Facebook ordered to stop collecting data on German WhatsApp users

28 Sep 201619 Shares

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Facebook ordered to stop collecting data on its German WhatsApp users. Image: Chonlachai/Shutterstock

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Facebook has been ordered by Germany to stop collecting data on WhatsApp users.

Facebook has been told by the Hamburg Commissioner for Data Protection and Freedom of Information that it must stop collecting and storing data on WhatsApp’s 35m users in Germany.

The Commissioner said that Facebook (owner of WhatsApp) cannot collect and store the data because it has not obtained effective approval from the German WhatsApp user community.

‘It has to be their decision, whether they want to connect their account with Facebook. Therefore, Facebook has to ask for their permission in advance. This has not happened’
– JOHANNES CASPAR

The social network said that it plans to appeal the order.

“We will work with the Hamburg DPA [Data Protection Authority] in an effort to address their questions and resolve any concerns,” Facebook said in a statement.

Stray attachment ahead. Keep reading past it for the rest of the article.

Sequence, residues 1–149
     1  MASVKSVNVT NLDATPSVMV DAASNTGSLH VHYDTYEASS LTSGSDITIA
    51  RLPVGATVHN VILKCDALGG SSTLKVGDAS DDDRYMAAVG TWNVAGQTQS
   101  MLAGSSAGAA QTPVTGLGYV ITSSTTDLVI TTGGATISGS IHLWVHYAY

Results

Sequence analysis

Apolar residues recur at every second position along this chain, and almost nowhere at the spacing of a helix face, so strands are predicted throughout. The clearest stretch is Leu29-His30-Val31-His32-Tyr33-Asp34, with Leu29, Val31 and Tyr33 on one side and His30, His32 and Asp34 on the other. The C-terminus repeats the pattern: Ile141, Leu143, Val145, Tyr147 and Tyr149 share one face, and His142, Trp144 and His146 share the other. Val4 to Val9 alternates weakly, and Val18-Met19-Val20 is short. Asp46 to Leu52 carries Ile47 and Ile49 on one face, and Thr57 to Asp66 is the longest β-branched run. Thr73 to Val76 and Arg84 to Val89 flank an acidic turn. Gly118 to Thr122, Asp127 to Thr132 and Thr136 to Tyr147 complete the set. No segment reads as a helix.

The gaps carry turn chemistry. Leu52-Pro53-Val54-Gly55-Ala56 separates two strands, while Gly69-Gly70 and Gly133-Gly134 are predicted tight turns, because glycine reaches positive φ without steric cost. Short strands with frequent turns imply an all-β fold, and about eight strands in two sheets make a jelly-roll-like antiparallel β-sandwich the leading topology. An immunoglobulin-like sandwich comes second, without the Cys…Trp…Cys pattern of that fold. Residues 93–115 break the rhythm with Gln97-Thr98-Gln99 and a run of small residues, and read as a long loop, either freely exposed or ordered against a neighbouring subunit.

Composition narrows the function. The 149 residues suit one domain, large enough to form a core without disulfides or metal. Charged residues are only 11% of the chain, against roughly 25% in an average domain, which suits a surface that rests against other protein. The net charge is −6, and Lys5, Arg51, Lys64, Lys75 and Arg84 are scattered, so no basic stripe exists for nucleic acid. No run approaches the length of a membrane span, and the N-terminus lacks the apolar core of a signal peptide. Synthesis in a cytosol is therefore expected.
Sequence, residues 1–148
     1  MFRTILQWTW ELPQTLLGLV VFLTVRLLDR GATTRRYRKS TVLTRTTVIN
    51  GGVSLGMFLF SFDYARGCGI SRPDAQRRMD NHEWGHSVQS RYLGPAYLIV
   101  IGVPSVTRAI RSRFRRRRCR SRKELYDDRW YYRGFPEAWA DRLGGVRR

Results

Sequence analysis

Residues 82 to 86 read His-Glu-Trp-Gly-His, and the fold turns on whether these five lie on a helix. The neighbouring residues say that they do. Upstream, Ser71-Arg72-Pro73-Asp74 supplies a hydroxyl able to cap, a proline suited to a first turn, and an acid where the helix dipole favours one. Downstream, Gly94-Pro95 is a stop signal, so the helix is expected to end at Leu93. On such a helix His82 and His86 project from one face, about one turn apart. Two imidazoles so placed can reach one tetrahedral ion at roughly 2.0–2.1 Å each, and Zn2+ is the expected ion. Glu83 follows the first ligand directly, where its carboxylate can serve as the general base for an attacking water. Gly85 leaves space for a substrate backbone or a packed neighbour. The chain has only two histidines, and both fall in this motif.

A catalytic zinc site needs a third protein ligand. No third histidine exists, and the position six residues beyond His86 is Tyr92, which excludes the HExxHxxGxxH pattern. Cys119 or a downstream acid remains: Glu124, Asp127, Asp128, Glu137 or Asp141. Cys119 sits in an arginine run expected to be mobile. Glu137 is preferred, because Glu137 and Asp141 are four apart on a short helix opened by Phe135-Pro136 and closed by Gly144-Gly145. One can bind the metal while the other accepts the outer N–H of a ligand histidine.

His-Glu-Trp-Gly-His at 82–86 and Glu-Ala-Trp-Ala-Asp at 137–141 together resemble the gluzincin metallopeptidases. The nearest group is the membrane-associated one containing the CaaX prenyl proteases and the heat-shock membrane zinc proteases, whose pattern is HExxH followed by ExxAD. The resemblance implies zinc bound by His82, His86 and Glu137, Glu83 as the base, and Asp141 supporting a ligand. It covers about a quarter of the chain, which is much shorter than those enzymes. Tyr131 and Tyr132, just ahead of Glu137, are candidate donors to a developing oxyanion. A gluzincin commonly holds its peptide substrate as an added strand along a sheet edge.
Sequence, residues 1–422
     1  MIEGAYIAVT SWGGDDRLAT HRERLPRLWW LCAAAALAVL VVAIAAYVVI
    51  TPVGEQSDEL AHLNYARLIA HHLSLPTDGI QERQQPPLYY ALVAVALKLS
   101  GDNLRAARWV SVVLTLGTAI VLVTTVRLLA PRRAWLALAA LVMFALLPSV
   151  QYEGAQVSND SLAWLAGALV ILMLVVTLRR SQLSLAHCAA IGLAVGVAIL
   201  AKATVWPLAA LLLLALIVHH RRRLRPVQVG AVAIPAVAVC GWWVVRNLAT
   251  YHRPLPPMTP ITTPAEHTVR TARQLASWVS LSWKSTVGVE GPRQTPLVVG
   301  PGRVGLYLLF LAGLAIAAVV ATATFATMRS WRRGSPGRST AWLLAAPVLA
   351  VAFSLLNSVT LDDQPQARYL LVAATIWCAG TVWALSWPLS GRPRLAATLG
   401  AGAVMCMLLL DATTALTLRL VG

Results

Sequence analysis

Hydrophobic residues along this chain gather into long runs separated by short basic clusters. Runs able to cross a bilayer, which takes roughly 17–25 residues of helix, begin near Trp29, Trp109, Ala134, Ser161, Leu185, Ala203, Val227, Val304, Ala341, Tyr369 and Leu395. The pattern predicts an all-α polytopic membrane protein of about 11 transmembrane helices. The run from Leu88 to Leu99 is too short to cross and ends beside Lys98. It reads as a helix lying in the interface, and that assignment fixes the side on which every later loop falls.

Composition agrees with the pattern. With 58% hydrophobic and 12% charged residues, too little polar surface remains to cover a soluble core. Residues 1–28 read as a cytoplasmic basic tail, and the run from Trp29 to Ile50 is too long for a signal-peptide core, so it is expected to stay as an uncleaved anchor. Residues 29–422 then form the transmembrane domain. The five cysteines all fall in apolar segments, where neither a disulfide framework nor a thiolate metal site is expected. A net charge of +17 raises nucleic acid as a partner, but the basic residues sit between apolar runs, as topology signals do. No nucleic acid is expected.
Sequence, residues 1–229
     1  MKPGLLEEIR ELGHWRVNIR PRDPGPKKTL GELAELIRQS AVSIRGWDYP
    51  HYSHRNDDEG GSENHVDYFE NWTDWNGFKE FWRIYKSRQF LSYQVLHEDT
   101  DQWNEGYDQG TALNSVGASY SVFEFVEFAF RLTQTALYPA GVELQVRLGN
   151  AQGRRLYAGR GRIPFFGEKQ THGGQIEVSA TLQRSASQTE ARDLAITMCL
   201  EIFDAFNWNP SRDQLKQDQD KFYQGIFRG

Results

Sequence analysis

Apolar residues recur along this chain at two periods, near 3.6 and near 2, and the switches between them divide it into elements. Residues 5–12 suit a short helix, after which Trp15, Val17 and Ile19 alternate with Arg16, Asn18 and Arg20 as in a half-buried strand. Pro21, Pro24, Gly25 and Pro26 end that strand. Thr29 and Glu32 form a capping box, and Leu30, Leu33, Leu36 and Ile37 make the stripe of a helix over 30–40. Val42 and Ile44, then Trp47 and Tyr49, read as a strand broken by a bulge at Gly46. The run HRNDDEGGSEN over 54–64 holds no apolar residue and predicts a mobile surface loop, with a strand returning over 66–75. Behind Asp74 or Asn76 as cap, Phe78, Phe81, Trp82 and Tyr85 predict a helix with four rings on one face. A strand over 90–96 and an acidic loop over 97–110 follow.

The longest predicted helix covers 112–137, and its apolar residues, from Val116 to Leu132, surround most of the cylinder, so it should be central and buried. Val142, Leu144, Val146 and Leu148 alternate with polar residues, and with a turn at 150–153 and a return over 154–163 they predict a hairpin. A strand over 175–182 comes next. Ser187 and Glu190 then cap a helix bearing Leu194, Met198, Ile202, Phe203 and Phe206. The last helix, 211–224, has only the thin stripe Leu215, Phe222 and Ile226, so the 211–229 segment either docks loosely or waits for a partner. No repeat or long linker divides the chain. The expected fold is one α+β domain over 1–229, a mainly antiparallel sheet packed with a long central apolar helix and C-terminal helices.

Facebook bought WhatsApp for $19bn in 2014.

The crux of the issue is Facebook’s decision in August that it would begin sharing data from its 1bn-plus user base, including phone numbers, from WhatsApp users with Facebook to boost targeted ads.

Hamburg DPA slams Facebook for misleading data policy

While Facebook allowed users to opt out for advertising purposes, it did not allow them to opt out of data sharing between WhatsApp and Facebook.

The Hamburg DPA has also ordered Facebook to delete all information it has gathered so far on Germany’s 35m WhatsApp users.

“After the acquisition of WhatsApp by Facebook two years ago, both parties have publicly assured that data will not be shared between them,” said Johannes Caspar, Hamburg’s Data Protection Commissioner.

“The fact that this is now happening is not only a misleading of their users and the public, but also constitutes an infringement of national data protection law.”

Facebook’s German office is in Hamburg, which puts it under Caspar’s jurisdiction.

He said that both Facebook and WhatsApp operate as independent companies that process their users’ data based on their own terms and conditions, and privacy rules.

Italy’s data privacy watchdog is also planning a similar investigation.

“It has to be their decision, whether they want to connect their account with Facebook.

“Therefore, Facebook has to ask for their permission in advance. This has not happened,” Caspar said.

WhatsApp. Image:Chonlachi/Shutterstock

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Editor John Kennedy is an award-winning technology journalist.

editorial@siliconrepublic.com